Jordan Shelby has left college to return to the beach town that bears his family name, for his grandfather who has become ill. His parents traveled often when Jordan was a child, they still do, and Jordan spent a lot of time with his grandparents. His grandmother was his champion, as a non-binary Jordan struggled to find his place in the world and, now that she is gone, Jordan’s grandfather tries hard. Jordan has always been filled with anxiety and a bad experience left swimming right up there at the top of the list. But Jordan is determined to get in the water for himself and for his grandfather and hiring Zane to help with that seems like a good idea.
Zane had a hard childhood with a drug-addicted mother who moved him from place to place until finally disappearing when Zane was 13. Zane then lived with his aunt and uncle who gave him a stable life. Things became unstable yet again when Zane was diagnosed with cancer and now that he’s been in remission for two years, he is looking ahead. As a personal trainer, he’s finally doing well professionally and when he sees Jordan, he is taken with one glance. But Jordan turns him down and deep down Zane doesn’t feel worthy of someone like Jordan, but when the men find common ground, they may be on to something special.
I found the characters in Testing the Waters interesting as this book opens up a new series set in a Florida beach town. Jordan refers to himself as both non-binary and gender queer and, while he doesn’t have himself all figured out, he finally has some of it. He’s also trying to figure out his anxiety and with therapy he recognizes what triggers him and he’s working on it. He doesn’t have a tremendous amount of support, which is part of his battle. His love life has not been going well and it seems he chooses wrong all of the time with men that are only intrigued with his outside. He’s determined not to make the same mistakes and even though he is attracted to Zane, he feels hiring him teach him to swim and help him get over his fear of the water is a better plan than dating him.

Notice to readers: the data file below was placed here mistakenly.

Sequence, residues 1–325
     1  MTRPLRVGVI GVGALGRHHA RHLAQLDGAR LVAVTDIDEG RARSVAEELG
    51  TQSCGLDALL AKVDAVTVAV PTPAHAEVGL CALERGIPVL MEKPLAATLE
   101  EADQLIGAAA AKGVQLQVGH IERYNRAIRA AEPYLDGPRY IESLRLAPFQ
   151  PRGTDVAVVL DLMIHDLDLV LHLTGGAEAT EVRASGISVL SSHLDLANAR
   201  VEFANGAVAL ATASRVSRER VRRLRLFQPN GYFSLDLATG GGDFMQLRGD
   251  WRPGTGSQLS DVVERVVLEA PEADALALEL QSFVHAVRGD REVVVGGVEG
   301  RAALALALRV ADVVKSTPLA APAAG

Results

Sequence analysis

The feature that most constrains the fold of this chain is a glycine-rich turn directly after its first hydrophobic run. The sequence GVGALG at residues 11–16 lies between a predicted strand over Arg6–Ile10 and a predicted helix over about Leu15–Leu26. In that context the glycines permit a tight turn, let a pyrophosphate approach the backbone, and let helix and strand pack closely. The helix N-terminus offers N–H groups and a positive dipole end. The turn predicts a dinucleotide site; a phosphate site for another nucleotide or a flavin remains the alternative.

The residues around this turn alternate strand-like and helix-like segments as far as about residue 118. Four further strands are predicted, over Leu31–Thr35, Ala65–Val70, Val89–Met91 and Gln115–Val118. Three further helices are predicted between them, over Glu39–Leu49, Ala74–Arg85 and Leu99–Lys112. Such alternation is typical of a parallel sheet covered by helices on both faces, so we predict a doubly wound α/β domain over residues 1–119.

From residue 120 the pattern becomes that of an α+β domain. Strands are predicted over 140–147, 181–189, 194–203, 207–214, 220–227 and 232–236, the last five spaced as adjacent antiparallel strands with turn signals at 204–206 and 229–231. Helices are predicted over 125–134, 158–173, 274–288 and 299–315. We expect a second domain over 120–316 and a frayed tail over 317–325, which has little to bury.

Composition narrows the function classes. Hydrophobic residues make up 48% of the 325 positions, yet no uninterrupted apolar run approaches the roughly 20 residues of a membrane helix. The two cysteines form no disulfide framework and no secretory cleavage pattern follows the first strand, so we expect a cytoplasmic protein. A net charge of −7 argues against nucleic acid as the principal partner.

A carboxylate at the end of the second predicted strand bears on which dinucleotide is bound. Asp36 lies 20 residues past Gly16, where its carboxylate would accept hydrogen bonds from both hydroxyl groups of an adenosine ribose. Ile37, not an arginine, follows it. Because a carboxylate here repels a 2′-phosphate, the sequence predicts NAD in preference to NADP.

Zane is all cool guy on the outside. Good looking and flirty, he seems to have it all together, but Zane has his own issues to deal with regarding how his mother abandoned him and then his cancer diagnosis. The first part of this book had a good dose of hurt/comfort with the guys circling around their attraction. Zane thinks that wealthy Jordan would never be interested in a guy like him, but they both have a lot to learn about each other. I enjoyed getting to know these guys and the slow steps they were taking toward each other, as well as improving their lives.
There were other storylines, however, that didn’t work for me. First, was Jordan and how he left college for his grandfather. He learns his grandfather is ill and quits college and returns home. However, his grandfather is out of the country on vacation for most of the book and there was nothing ever said about what Jordan’s plans were regarding college. He just quit and that was the end of the story. Zane’s storyline with his mother was really the part that didn’t work for me. The later part of the book gets focused too much on this for me and opened up plot holes and took away from the flow of Jordan and Zane. By the end, the later part of the book had a much different feel than the earlier part and it never evened out again for me. We are introduced to other men in town throughout this book and I would be interested in reading their stories as the series continues in Shelby Beach.